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The study compared the vocal production and language learning environments of 26 young children with autism spectrum disorder (ASD) to 78 typically developing children using measures derived from automated vocal analysis. A digital language processor and audio-processing algorithms measured the amount of adult words to children and the amount of vocalizations they produced during 12-h recording periods in their natural environments. The results indicated significant differences between typically developing children and children with ASD in the characteristics of conversations, the number of conversational turns, and in child vocalizations that correlated with parent measures of various child characteristics. Automated measurement of the language learning environment of young children with ASD reveals important differences from the environments experienced by typically developing children.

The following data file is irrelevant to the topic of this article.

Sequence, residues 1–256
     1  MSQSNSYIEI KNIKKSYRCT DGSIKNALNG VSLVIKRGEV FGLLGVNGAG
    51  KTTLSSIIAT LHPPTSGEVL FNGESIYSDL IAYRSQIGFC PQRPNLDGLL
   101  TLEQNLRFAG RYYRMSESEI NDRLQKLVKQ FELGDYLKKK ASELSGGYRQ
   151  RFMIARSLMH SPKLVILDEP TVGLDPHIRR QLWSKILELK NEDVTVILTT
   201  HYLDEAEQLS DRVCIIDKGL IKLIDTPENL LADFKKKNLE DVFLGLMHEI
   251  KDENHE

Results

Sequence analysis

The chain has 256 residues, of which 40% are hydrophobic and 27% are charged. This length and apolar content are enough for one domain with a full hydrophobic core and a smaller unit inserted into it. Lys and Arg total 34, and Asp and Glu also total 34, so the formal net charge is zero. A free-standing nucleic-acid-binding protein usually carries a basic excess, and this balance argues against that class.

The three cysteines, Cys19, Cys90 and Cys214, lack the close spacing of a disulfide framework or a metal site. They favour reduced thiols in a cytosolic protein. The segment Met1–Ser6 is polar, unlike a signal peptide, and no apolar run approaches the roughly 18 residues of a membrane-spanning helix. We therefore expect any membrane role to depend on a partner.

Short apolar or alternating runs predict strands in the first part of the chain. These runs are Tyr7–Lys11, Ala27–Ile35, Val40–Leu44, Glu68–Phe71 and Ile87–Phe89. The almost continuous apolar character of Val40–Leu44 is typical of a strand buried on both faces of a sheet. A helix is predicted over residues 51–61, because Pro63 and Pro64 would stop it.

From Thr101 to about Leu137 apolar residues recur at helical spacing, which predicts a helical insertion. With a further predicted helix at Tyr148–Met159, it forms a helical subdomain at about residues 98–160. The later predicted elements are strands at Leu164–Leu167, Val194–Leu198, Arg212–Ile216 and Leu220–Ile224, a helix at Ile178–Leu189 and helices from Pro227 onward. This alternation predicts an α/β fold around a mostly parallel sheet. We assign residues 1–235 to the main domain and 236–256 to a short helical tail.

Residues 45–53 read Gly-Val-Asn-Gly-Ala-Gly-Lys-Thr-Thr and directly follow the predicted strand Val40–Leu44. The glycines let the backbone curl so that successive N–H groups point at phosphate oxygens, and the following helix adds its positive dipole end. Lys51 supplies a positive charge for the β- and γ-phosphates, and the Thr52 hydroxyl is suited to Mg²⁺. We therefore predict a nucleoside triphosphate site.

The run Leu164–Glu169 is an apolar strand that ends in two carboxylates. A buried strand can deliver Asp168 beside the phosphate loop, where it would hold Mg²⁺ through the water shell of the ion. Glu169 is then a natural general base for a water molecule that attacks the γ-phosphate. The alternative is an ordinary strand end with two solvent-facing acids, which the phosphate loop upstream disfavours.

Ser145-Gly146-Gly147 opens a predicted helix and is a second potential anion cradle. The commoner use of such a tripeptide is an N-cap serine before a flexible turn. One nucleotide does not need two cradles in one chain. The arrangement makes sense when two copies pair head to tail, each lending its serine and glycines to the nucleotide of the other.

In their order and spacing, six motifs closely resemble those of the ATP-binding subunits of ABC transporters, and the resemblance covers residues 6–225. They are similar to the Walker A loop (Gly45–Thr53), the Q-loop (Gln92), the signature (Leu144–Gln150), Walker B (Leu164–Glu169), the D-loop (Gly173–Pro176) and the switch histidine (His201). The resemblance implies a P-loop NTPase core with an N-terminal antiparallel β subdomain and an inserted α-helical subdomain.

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- What Automated Vocal Analysis Reveals About the Vocal Production and Language Learning Environment of Young Children with Autism
Steven F. Warren
Jeffrey A. Richards
D. Kimbrough Oller
- Springer US